The former chairman of the Indonesian Communion of Churches, Reverend Nathan Setiabudi, said the bill was unconstitutional.

Article 28 of the Constitution clearly states that the government must recognize all religions and faiths.

Prevent Genocide International says Prevent Genocide International that the listing of such details as a person’s religion on ID cards can facilitate efforts at ethnic and religious cleansing. There have been occasions in the recent past, such as in Makassar Kompas, where young Muslim militants have accosted people on the street and demanded to see their KTP, to see if they were non-Muslim.


28th November 2006.

The bill in question, RUU Admintrasi Kependudukan (Adminduk), has drawn criticism from Nursyahbani Katjasungkana, a member of Komisi III in the parliament, from the Partai Kebangkitan Bangsa (PKB). She says the bill is discriminative and will likely end up running afoul of the High Court, if it is challenged on constitutional grounds.

Nursyahbani Katjasungkana says that poor people who live in slum areas, or are homeless, are not recognised and will not be counted because the onus is on them to get themselves registered. This will likely contribute to their further marginalisation. She is quoted by the Jakarta Post:

The bill could cause discrimination against minority groups and poor families, especially the homeless, as many people embracing traditional beliefs will not be registered because they can not list their faiths on identity cards, while those having no identity cards will be ignored.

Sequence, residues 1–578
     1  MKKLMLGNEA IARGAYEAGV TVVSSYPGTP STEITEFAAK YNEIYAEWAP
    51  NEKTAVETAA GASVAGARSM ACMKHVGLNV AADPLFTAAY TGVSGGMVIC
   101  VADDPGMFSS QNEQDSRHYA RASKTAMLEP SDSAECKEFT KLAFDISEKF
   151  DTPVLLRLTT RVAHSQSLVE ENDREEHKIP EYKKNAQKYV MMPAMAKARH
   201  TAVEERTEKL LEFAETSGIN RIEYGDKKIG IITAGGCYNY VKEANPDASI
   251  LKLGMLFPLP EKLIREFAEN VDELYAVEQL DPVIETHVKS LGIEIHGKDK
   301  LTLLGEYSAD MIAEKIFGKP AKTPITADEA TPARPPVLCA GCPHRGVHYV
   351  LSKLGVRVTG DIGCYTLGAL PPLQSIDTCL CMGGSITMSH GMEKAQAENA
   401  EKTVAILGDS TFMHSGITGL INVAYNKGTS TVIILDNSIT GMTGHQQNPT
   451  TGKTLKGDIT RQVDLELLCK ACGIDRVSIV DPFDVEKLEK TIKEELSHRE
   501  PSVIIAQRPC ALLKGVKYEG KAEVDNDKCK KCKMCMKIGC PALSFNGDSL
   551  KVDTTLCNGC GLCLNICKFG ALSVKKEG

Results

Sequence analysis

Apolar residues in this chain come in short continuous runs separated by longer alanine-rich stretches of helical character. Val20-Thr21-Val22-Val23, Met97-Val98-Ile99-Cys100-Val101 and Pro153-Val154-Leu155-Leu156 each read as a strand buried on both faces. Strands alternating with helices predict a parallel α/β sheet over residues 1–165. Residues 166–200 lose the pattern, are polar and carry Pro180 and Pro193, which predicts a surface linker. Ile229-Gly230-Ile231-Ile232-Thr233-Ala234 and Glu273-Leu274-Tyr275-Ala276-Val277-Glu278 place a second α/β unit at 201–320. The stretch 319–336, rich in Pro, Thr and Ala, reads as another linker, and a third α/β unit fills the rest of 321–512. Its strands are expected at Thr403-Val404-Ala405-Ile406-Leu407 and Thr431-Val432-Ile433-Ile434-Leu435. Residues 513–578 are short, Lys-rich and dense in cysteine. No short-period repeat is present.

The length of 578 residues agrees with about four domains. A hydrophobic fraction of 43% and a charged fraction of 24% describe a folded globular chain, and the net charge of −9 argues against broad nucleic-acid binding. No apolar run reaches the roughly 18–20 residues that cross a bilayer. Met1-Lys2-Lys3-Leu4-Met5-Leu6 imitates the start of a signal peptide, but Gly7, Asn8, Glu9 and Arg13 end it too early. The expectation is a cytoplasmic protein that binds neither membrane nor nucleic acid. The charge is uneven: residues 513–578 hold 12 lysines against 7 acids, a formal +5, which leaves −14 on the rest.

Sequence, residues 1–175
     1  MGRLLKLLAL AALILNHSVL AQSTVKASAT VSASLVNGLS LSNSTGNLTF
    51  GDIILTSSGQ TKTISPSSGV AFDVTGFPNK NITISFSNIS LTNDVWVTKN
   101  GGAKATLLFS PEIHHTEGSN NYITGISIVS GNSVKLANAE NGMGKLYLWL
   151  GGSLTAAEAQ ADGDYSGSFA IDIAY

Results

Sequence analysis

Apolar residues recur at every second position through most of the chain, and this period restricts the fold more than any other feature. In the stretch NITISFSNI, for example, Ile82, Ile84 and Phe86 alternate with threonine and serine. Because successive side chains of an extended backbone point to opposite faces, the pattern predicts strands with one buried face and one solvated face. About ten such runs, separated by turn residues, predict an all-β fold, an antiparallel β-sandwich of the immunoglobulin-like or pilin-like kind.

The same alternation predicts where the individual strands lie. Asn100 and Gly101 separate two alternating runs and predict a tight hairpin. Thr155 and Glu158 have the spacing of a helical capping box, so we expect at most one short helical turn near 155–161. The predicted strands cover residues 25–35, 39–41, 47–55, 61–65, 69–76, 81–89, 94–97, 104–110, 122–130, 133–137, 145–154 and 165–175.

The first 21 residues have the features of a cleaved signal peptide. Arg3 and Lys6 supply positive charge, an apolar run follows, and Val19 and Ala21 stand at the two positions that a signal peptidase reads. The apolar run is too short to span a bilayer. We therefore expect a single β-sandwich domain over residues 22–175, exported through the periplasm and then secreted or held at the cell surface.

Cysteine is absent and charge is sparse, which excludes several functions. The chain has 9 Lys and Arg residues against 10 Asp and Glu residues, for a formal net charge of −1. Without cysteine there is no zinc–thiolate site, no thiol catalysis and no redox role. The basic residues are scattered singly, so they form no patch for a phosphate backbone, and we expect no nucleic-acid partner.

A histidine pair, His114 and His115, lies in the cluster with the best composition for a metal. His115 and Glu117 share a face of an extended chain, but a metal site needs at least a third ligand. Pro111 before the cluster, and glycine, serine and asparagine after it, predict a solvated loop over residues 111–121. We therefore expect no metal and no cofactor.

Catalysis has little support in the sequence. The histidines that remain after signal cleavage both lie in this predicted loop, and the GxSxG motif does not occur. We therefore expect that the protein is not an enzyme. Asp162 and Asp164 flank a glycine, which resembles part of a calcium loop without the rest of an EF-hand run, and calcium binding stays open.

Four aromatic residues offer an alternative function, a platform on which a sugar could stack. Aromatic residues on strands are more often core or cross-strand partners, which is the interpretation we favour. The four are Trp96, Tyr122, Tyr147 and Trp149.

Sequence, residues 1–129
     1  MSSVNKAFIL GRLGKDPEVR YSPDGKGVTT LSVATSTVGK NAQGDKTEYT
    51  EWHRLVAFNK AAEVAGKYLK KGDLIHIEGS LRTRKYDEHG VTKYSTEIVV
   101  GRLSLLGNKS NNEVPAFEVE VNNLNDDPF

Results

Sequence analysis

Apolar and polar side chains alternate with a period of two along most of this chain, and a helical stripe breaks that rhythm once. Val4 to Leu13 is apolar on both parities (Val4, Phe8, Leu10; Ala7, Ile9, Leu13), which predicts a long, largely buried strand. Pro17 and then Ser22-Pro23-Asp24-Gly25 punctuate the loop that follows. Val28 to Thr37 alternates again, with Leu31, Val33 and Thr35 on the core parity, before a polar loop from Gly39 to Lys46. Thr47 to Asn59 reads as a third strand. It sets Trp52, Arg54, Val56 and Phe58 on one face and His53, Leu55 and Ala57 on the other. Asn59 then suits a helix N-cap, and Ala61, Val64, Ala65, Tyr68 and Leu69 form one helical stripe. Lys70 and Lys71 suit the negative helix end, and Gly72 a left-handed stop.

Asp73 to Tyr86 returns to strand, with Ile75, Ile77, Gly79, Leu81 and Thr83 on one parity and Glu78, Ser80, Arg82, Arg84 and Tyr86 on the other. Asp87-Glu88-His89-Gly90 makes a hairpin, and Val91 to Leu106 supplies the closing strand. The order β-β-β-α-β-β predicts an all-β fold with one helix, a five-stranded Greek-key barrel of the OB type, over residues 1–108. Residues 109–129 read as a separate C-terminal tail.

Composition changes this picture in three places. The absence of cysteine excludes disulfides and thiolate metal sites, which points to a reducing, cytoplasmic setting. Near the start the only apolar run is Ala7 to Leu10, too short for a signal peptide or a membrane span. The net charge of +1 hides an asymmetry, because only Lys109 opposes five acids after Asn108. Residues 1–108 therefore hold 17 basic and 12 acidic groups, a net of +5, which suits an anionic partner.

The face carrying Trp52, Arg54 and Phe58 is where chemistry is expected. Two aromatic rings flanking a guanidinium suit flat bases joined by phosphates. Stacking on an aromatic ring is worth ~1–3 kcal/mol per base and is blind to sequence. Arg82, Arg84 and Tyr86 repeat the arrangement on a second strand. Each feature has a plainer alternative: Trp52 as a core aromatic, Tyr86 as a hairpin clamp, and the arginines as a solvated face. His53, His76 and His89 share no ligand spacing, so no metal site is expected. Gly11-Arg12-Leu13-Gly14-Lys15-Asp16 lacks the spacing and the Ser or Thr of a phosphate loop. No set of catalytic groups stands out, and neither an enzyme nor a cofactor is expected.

Meanwhile, Suma Mihardja, of a group called LBH Rakyat, complains that those belonging to non-recognised religions such as animism will not be able to have vital documents issued to them, such as marriage, birth, death, and residency certificates. He claims that under the administration of former president Megawati a “Rencana Aksi Nasional (RAN) HAM) 2004-2009”, a national human rights action plan, was formulated which specified that civil servants must provide recognition for animist people.

Jon Edi, an adherent of a West Javanese indigenous religion, gave an example of some discrimination experienced by his co-religionists. He said fourteen animists in Wanareja, Subang, were called to appear before the main Muslim clerical body, the Majelis Ulama Indonesia (MUI), and a local government body, the Musyawarah Pimpinan Daerah (Muspida), at which time they were ordered to provide a written statement proclaiming their willingness to cease practising their religion.

Engkus Ruswana, another follower of a West Javanese religion, says the newly revised law violates Indonesia’s international civil and political rights obligations. suarapembaruan


29th November 2006.